As seen on TV

Reality Television can make stars out of everyday grocery products.

When Toronto entrepreneur Anya Kats created MooMoo Bars, a low-calorie dairy snack inspired by cuisine from her native Estonia, she knew she needed two things to make the bars a success: investors and customers. To get the former, she headed on to Dragon’s Den, the hit CBC show where contestants pitch their big idea to a panel of top Canadian businesspeople in the hopes they’ll buy in. Kats got the money–$150,000–for 40 per cent of her company, Dairylicious. But to her surprise, the show also hooked her up with customers.

Within hours of her Dragon’s Den appearance airing, Kats started getting emails. The first batch, about 100, came from the Maritimes. As the show rolled across Canada’s time zones, the numbers grew. Kats recalls one western viewer who wrote, “I’m in some village beside Edmonton. Where do I go to get your product?”

Advertising everyday products on TV is not as effective as it used to be. Consumer packaged goods companies are now focusing more on social media and in-store shopper marketing programs to drive sales. However, in an interesting twist, some companies are discovering the value of reality TV. Not only do consumers watch reality shows in droves, some shows allow people like Kats to talk at length about their product’s benefits. The result: the products, not the people, are oftentimes the shows’ true stars.

No reality show has been quite so effective at giving products exposure as Recipe To Riches. On the Loblaw-sponsored Food Network show, contestants vie to have their recipe turned into a real-life President’s Choice product. “Every week there’s a new product, so there’s anticipation to taste it,” says Laura Gaggi of the Toronto ad agency Gaggi Media. People watch the show, see the winning recipes and then can go to a Loblaw’s store to buy them and try them, Gaggi says. And if they don’t see the show, Loblaw certainly reminds them via ads in its flyers: “Miss this week’s episode?” a recent Real Canadian Superstore flyer asked. “Find out who won the savoury snacks category in-store today!”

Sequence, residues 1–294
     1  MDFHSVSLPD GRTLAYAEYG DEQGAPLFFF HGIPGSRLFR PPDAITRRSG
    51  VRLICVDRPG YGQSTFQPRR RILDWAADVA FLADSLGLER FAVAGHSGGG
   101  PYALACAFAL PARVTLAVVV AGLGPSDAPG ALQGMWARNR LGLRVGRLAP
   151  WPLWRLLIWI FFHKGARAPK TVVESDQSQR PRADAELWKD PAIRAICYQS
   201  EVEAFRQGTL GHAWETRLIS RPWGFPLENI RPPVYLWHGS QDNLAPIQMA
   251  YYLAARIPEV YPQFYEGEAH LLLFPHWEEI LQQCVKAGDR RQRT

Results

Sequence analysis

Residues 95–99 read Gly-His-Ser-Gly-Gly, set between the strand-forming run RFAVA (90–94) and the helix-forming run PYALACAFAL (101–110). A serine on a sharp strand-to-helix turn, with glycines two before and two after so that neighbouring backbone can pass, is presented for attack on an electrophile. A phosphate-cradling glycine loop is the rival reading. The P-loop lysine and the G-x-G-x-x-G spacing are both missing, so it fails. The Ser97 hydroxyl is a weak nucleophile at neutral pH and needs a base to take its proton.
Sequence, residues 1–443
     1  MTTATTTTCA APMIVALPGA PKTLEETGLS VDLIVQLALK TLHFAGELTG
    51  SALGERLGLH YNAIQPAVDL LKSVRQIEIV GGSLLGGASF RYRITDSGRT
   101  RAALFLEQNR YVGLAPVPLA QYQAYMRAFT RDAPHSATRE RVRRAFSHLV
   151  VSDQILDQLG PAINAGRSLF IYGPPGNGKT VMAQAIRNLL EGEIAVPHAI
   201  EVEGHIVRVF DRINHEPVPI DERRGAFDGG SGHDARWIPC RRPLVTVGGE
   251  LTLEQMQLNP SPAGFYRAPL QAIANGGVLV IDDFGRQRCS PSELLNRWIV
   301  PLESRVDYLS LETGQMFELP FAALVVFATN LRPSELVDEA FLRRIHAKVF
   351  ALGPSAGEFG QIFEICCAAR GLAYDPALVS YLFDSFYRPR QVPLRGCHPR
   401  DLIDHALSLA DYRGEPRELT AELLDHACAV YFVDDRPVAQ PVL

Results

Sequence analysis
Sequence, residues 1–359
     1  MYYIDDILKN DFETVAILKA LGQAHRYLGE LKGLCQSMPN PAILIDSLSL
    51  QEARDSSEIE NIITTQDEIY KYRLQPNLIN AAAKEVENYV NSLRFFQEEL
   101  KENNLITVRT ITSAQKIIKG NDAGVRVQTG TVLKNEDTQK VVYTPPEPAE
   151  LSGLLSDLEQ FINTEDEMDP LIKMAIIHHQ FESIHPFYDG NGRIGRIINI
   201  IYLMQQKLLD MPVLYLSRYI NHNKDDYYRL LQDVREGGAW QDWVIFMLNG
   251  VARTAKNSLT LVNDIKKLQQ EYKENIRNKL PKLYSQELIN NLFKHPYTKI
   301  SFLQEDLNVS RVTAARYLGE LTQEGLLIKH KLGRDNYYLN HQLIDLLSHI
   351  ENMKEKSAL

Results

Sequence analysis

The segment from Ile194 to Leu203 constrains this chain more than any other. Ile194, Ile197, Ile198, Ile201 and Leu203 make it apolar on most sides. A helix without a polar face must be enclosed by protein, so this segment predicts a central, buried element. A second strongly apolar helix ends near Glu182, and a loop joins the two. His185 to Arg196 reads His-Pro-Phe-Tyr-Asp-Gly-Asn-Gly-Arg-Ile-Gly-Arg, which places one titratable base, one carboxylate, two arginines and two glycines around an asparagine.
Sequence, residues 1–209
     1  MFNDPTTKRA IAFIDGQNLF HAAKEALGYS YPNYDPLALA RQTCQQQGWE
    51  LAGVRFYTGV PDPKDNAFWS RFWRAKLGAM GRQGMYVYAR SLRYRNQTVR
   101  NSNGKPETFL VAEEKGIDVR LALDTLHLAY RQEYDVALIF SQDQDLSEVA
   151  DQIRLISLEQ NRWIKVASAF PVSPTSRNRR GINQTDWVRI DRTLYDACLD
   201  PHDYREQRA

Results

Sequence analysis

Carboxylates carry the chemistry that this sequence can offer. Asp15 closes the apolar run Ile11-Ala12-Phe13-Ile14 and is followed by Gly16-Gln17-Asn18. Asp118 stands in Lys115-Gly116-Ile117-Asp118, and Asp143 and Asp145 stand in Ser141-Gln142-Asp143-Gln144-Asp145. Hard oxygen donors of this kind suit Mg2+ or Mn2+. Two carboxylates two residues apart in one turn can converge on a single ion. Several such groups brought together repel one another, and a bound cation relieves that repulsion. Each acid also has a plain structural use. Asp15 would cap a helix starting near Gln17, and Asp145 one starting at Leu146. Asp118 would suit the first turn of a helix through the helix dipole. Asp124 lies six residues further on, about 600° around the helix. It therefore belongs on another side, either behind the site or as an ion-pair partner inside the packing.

Recipe to Riches has taken product- driven shows to a new level. But according to York University marketing professor Alan Middleton, it’s still part of an age-old dance between brands and TV. “In the 1950s you used to have shows on TV about products.” Then came the 30-second TV spots, which ruled advertising for decades. Now, says Middleton, “advertisers think maybe we should go back to whole shows–not necessarily built around the product, but the benefit of the product.”

Producers definitely seem to be coming up with more shows centred around grocery items. This fall, the Lifetime Network in the U.S. picked up Supermarket Stars, in which chefs compete to get their food creations on grocery shelves. Meanwhile, the Discovery Network has parlayed its Dirty Jobs show into a line of Dirty Jobs–branded cleaning products.

For upstart brands, reality TV is particularly appealing. John Rowe, of Charlottetown’s Island Abbey Foods, also went on Dragon’s Den to find investors for his Honibe honey drops. He walked away with a $600,000 investment and a $400,000 loan in exchange for 35 per cent equity in his company. But Rowe also saw his appearance as a way to drive sales. “We didn’t have the marketing budget of a Kraft, Unilever or P&G. The show could give our brand unparalleled exposure.”

He was right. Honibe’s website got 30,000 visits in the 24 hours after the eightminute broadcast in January 2011, compared to 6,000 per month previously. The number of retailers that sold the product, meanwhile, doubled (though winning the prestigious industry award, the Sial d’Or, in Paris around that same time might also have helped).

The effectiveness of reality TV to sell groceries long-term remains to be seen. TV ads can launch a food product overnight, but a series is expensive to produce. Loblaw Companies hasn’t revealed the impact of Recipe to Riches on sales and there are clearly hurdles. “I’ve tried every product on Recipe to Riches,” says Gaggi, “but I was disappointed with the taste of some of them, and some were expensive.”

With Season 2 of Recipe to Riches now airing, guess we’ll just have to watch and see.

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